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9/11, A Decade Later -- Connecting the ‘big data’ dots: A decade of lessons learned

Steve Vinsik

In recognition of the tenth anniversary of the 9/11 terrorist attacks, many take a look back at how a revitalized concern for national security spurred numerous initiatives to improve the nation’s defense system. A decade of technological innovation and policy evolution later, the U.S. has made great strides in securing U.S. borders. In retrospect, many of these changes are byproducts of lessons learned from the official 9/11 investigation.

The results of the final 9-11 Commission Report identified one glaring pain point that could have helped prevent the terrorist attacks -- the U.S. Government was unable to connect the dots between available pieces of data that could have led to the discovery of the potential of a terrorist attack before it happened. To help ensure this never happens again, the U.S. Government has deployed new innovative technologies and improved inter- and intra-agency information sharing.

Making sense of big data

In today’s environment, government entities have exponentially more data than they did on September 10, 2001. It wasn’t until three to four years ago that government came to understand the vast amount of data it has had in its possession, and how to analyze it. To address this challenge, agencies now use complex and efficient IT systems that collect and analyze large amounts of data from hundreds of different sources in order to detect threats.

Not only does big data analytics integrate information from varying sources, it also filters through the noise of large data sets. Complex analytics systems develop profiles over time to help determine which information various agencies should be concerned about.

For example, data collected and analyzed today may make a seemingly innocuous phone call six months ago suddenly become relevant. That connection between current information and previous points of data now makes it critical to analyze that phone call and expand the analysis to determine the content of the phone call and who the people on the phone communicated with before and after that original phone call. This quickly proliferates to several degrees of separation between relevant data points that, in turn, require intense analytics to see through the data clutter.

The U.S. Customs and Border Protection (CBP) Automated Targeting System (ATS) is an excellent example of a system able to efficiently analyze raw data and provide critical information to the government. ATS allows the collection of information to analyze and disseminate data to target, identify and prevent potential terrorists and terrorist weapons from entering the U.S.

For example, the system could flag a shipment of ink cartridges from a country, such as Yemen, which does not manufacture cartridges and which has been connected with potentially harmful cargo in the past. CBP security analysts are empowered to conduct complex searches and uncover the full picture of a potential terrorist attack before it occurs.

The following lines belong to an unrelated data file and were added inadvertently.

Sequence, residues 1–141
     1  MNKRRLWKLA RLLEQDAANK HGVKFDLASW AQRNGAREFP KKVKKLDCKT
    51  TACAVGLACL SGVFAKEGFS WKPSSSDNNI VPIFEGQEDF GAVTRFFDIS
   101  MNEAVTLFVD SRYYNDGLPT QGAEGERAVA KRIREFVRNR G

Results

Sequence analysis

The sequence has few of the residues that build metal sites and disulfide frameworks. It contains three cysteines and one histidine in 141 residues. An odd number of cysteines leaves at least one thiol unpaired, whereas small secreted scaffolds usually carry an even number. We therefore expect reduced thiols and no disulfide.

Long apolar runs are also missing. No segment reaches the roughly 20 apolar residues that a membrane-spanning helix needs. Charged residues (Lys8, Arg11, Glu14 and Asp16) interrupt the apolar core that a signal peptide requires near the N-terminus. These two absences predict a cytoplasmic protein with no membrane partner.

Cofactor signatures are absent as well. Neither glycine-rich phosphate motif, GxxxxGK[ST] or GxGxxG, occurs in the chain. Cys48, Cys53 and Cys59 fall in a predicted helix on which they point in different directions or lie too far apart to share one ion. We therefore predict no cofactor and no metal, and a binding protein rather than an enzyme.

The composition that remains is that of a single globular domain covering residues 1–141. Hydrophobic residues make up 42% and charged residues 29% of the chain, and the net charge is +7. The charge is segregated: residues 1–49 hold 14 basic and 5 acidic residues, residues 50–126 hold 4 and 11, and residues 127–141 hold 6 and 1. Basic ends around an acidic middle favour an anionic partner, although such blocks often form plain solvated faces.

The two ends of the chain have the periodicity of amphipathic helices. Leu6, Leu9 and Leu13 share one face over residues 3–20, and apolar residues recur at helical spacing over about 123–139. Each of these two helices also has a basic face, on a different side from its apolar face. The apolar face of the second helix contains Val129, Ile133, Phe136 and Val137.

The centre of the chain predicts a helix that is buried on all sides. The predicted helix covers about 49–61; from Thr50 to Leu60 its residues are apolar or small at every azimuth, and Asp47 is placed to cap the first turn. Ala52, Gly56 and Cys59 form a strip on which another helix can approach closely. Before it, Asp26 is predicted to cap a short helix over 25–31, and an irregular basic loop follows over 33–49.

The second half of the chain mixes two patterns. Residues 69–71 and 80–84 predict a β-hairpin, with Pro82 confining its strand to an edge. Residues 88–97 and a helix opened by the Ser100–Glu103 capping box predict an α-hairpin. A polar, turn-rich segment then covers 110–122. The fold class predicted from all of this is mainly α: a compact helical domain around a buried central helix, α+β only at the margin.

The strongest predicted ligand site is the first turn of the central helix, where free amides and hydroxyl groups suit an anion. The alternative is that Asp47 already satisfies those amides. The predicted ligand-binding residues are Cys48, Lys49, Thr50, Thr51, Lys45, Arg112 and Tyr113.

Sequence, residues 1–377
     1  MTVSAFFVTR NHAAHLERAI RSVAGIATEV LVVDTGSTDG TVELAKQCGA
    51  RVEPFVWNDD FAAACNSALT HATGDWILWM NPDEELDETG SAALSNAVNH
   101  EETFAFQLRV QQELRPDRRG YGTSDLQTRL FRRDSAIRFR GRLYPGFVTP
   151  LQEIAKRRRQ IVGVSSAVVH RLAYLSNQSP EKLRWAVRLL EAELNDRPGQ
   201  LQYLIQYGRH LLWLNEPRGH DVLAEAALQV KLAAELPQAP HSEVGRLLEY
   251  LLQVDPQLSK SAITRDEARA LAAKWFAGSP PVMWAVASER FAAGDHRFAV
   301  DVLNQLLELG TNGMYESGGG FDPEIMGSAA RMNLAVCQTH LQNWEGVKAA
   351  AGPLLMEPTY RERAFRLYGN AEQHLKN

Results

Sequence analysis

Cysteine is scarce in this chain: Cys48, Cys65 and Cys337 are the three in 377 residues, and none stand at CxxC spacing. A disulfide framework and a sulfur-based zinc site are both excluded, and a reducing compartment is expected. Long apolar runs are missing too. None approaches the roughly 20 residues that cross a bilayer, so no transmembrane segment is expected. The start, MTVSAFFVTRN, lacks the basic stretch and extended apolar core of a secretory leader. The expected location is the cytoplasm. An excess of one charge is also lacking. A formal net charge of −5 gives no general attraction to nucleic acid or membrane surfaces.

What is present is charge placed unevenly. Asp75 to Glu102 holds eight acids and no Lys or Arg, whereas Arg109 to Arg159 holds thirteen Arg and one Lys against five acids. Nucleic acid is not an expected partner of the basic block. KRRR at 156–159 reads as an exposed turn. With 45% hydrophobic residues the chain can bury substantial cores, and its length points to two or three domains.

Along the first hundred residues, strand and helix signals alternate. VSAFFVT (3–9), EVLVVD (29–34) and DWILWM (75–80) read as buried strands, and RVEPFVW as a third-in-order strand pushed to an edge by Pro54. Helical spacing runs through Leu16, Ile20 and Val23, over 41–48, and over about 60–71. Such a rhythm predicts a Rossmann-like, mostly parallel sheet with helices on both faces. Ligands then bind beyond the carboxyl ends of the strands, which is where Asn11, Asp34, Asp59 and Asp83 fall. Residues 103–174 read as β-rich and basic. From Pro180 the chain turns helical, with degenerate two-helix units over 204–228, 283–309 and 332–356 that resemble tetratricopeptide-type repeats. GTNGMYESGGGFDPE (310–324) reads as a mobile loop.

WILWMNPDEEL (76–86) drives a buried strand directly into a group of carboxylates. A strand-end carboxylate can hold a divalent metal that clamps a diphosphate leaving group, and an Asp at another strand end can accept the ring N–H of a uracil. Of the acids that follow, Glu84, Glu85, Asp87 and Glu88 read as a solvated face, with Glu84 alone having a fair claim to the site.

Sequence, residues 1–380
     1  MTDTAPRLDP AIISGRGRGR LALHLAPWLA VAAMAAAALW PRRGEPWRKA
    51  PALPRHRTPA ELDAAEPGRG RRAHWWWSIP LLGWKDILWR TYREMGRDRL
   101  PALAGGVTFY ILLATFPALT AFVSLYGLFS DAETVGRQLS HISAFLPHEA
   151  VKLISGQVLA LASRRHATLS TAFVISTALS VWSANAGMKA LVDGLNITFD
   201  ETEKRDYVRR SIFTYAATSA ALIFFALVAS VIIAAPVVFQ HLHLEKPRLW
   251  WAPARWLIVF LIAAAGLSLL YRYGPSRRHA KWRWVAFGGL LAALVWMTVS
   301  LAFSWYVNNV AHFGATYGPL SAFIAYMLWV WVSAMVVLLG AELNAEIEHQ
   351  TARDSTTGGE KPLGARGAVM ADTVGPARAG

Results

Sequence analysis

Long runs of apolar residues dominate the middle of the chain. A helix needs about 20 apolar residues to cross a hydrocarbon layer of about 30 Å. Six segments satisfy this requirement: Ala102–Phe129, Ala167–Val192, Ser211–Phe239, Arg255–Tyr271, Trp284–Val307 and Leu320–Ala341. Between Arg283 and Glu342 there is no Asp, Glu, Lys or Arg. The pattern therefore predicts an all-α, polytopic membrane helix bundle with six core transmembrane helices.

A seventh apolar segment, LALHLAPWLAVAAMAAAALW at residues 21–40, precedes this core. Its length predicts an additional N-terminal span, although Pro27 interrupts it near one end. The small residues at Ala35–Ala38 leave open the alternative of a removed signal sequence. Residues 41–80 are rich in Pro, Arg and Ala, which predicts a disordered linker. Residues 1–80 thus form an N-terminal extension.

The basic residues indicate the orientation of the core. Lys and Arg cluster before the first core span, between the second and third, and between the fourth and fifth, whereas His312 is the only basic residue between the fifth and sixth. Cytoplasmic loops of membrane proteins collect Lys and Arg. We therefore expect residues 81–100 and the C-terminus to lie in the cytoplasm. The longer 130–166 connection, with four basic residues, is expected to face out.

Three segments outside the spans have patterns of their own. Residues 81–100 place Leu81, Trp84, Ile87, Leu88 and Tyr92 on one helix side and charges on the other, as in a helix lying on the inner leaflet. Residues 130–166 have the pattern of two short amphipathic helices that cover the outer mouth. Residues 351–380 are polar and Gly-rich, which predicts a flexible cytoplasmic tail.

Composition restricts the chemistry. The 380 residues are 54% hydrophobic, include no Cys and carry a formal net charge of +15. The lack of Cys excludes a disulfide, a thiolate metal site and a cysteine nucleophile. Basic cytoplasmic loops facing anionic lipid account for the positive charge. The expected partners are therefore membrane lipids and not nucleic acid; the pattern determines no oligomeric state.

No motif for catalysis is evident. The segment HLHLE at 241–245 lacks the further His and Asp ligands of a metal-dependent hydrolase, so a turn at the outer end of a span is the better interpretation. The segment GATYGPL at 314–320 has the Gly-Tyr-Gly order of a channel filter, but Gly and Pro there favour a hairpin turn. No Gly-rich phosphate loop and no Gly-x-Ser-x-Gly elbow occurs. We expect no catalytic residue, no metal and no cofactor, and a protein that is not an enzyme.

Information sharing trumps bureaucracy

A large component of being able to “connect the dots” is the transparent sharing of information among agencies. Prior to 9/11, bureaucratic procedural processes “siloed” data transfers between governing bodies. Agencies operated within the confines of their own departments and the majority of information was shared between agencies via individually written reports, a process which was both slow and inefficient.

Since then, the government has set new policies to maximize data sharing securely. Most notably, the Department of Homeland Security was created to oversee more than 20 agencies and manage the protection of the country. To build transparency and increase efficiency, agencies also gained access to one another's databases. For example, hybrid cloud environments allow agencies to store and manage data in secure, private clouds and data centers, as well as secure, shared cloud environments.

The Patriot Act, President Obama’s National Strategy for Counterterrorism and efforts to ramp up personnel along U.S. borders also contributed to national security efforts at large. With every new policy to improve federal security processes, government has called on the assistance of modern technology to accompany these efforts.

Computing in a mobile world

Mobile technology is a key enabler for real-time information sharing. Field agents -- from those on the border to those in airports -- are equipped with mobile devices that receive and disseminate tactical information at a moment’s notice. For example, if the FBI gets wind that a restricted individual may be attempting to board a plane, agents can notify an onsite Transportation Security Administration (TSA) agent immediately in order to halt and restrain the individual.

Tactical mobile devices are equipped with security measures that are necessary to ensure communications networks remain uncompromised. In one example, government officers have utilized technologies in order to capture license plate and ID credential information from a mobile device, and conduct real-time queries on the collected information.

A decade later, now what?

 
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